Short 'last' film of Amelia Earhart surfaces

LOS ANGELES, UNITED STATES- Amelia Earhart took off from Burbank, California in 1937 on her ill-fated round-the-globe flight. A photographer documented the journey's start, but the world was unaware -- until Tuesday -- that a home movie was also made that day.
A publisher released a grainy but extraordinarily well-preserved 3.5-minute film this month depicting the legendary aviatrix, smiling and self-confident, climbing aboard her plane the day before she departed on a trip that led to Earhart's mysterious disappearance over the Pacific six weeks later.

The clip does little to solve one of aviation's enduring riddles, in which Earhart, 39, and navigator Fred Noonan, 44, vanished as they were flying from Papua New Guinea to Howland Island on July 2, 1937.
But it provides refreshing, even haunting, new images of the pilot shortly before a disappearance that has entranced aviators and historians for eight decades.
The film was shot by John Bresnik, who tagged along with his brother Albert Bresnik, Earhart's official photographer, to the airfield where Earhart inspected her Lockheed 10 Electra.
Author and historian Douglas Westfall of The Paragon Agency, which is publishing the film clip "Amelia Earhart's Last Photo Shoot" along with a book of the same name, said he was approached a decade ago by John Bresnik's son, who revealed he had a potentially historic 16-millimeter film that his father had kept for decades in his office.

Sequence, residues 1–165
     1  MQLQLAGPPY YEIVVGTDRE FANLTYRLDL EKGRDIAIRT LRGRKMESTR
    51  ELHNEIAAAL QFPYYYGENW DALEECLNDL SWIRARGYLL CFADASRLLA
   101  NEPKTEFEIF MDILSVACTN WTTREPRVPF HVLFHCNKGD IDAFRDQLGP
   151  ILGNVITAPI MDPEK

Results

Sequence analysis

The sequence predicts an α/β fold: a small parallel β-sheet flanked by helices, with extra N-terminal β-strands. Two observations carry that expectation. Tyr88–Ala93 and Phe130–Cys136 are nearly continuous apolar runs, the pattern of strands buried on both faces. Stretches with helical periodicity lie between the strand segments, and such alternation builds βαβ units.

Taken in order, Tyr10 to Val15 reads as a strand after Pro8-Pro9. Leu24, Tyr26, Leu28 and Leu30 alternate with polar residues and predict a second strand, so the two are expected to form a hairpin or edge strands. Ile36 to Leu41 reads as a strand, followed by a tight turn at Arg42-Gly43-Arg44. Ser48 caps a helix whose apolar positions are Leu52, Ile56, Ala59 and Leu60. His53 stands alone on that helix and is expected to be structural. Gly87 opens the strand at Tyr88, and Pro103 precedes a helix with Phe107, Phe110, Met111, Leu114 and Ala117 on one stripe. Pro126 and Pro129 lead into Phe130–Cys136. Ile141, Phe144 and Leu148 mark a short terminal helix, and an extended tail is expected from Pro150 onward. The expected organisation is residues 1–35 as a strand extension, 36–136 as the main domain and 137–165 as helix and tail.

When the elder Bresnik died, the son kept the film untouched for 20 years, until Westfall coaxed him to let him make a digital copy.
"It was remarkable," Westfall told AFP about the black-and-white footage, which shows Earhart looking "coquettish, posing for the camera" in a stylish pants-and-sweater outfit.
"Looking at Earhart -- I mean, how many of those are you going to get in a lifetime?"
The photographs from the May 20, 1937 shoot, perhaps most notably the one of a smiling Earhart leaning against the tail of her Lockheed, have been seen by millions.
But history is "blessed" to have a moving-picture account of the day as well, Westfall said, adding that talks are underway for the film to be kept at an archive or museum.
"It was a man's world in the Thirties," Westfall said, explaining America's fascination with a female pilot who broke several records, including becoming the first person to fly non-stop from Hawaii to the US mainland.
"For a woman to be flying at all was special."
Her legacy continues to fascinate. This week, the International Group for Historic Aircraft Recovery launches its 11th expedition in the South Pacific to search for more clues backing up the theory that Earhart crash-landed on Nikumaroro atoll.

Tuesday, June 9th 2015

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